In the latest skirmish over privacy in the cellphone age, a federal judge in Chicago has rejected a law enforcement request to force potential targets in an ongoing investigation to provide fingerprints to unlock any iPhones or other Apple devices.
The order by U.S. Magistrate Judge David Weisman concerned a request for a warrant to search a residence where investigators believed someone was using the internet to traffic images of child pornography, court records show.
The prosecution filing seeking the search warrant on the FBI's behalf remains under seal, but the judge's opinion said the government requested "the authority to compel any individual who is present at the subject premises at the time of the search" to provide a fingerprint or thumbprint needed to unlock an Apple device.
Weisman, a former federal prosecutor and FBI agent, wrote in his 14-page opinion last month that the government hadn't presented enough facts in its application that would justify such sweeping "intrusions," including any specific information about those who might be living at the residence or their connection to the child pornography investigation.
He also called out prosecutors over what he called the dated boilerplate language often seen in search warrant affidavits dealing with technological issues, from referring to a Blackberry as a "Personal Digital Assistant" to suggesting that most people still use cables to download information.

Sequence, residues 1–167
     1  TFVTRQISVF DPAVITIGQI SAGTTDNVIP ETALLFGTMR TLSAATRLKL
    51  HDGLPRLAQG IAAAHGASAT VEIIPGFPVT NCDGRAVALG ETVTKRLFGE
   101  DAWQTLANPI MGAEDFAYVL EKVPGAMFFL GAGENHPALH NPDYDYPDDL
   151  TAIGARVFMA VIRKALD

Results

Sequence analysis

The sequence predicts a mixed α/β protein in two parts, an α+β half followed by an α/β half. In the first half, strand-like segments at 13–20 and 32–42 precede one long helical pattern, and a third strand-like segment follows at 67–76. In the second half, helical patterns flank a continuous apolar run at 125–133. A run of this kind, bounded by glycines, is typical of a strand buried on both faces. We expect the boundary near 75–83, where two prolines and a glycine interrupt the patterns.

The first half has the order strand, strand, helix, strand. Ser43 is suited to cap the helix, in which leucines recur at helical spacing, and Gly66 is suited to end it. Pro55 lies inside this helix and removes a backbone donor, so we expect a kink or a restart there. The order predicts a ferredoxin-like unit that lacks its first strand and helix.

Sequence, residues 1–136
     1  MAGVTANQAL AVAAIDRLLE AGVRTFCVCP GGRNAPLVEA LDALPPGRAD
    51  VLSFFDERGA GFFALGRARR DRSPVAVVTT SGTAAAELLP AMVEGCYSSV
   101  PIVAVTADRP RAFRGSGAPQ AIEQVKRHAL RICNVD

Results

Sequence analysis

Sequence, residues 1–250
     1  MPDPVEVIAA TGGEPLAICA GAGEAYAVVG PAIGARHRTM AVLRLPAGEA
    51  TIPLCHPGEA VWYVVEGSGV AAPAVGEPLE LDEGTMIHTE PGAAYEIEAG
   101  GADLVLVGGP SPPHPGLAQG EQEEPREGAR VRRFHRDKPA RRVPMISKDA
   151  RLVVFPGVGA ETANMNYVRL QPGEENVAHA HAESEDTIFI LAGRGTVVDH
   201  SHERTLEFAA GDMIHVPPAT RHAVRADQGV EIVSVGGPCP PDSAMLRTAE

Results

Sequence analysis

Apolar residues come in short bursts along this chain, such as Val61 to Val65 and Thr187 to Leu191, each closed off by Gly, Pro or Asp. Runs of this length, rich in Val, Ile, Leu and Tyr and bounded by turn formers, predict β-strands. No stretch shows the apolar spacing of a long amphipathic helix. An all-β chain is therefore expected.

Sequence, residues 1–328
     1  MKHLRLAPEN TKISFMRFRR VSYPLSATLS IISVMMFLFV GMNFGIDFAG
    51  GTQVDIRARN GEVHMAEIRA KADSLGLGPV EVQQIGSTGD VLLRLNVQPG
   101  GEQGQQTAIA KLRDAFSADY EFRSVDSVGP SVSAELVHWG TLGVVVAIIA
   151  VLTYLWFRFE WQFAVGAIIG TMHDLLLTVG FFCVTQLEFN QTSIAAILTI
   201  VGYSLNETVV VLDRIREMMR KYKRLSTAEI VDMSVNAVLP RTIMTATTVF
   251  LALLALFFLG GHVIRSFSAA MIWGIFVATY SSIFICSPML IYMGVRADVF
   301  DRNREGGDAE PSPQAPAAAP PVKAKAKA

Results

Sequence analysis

Weisman's ruling comes a year after the high-profile battle between Apple and the FBI over the encrypted iPhone used by one of the San Bernardino, Calif., terrorist attackers who killed 14 people and seriously wounded 22 others in 2015.
That dispute was resolved after the FBI was able to hack into the phone without Apple's help. But experts say the debate over where to draw the line between privacy and investigative interests has lingered, particularly as law enforcement agencies across the country are searching to bypass the relatively new technology of fingerprint readers and other encryption built into many cellphones.
Although Weisman's ruling was narrow in scope, it provided an important shot across the bow to federal agencies looking for sweeping powers to search individuals' cellphones without probable cause, according to Jennifer Lynch, a senior staff attorney at the Electronic Frontier Foundation, a nonprofit digital rights group.
"This is a very new area of the law. We've only had the ability to unlock our phones with our fingerprints for a few years now," Lynch said. "And so in this situation, there's nobody on the other side to say to the court this is outrageous and there are some cases to back us up."
In a landmark 2014 decision, the U.S. Supreme Court ruled that police must obtain a warrant before they can search an arrestee's phone.
The court has previously held that physical evidence like fingerprints can be collected without judicial approval. But some legal experts say there should be a higher legal threshold when it comes to unlocking a smartphone with a fingerprint because it potentially gives the government access to a trove of personal information.
David Shapiro, an attorney with Northwestern University's MacArthur Justice Center, said Weisman was correct in putting the brakes on a "remarkably intrusive search."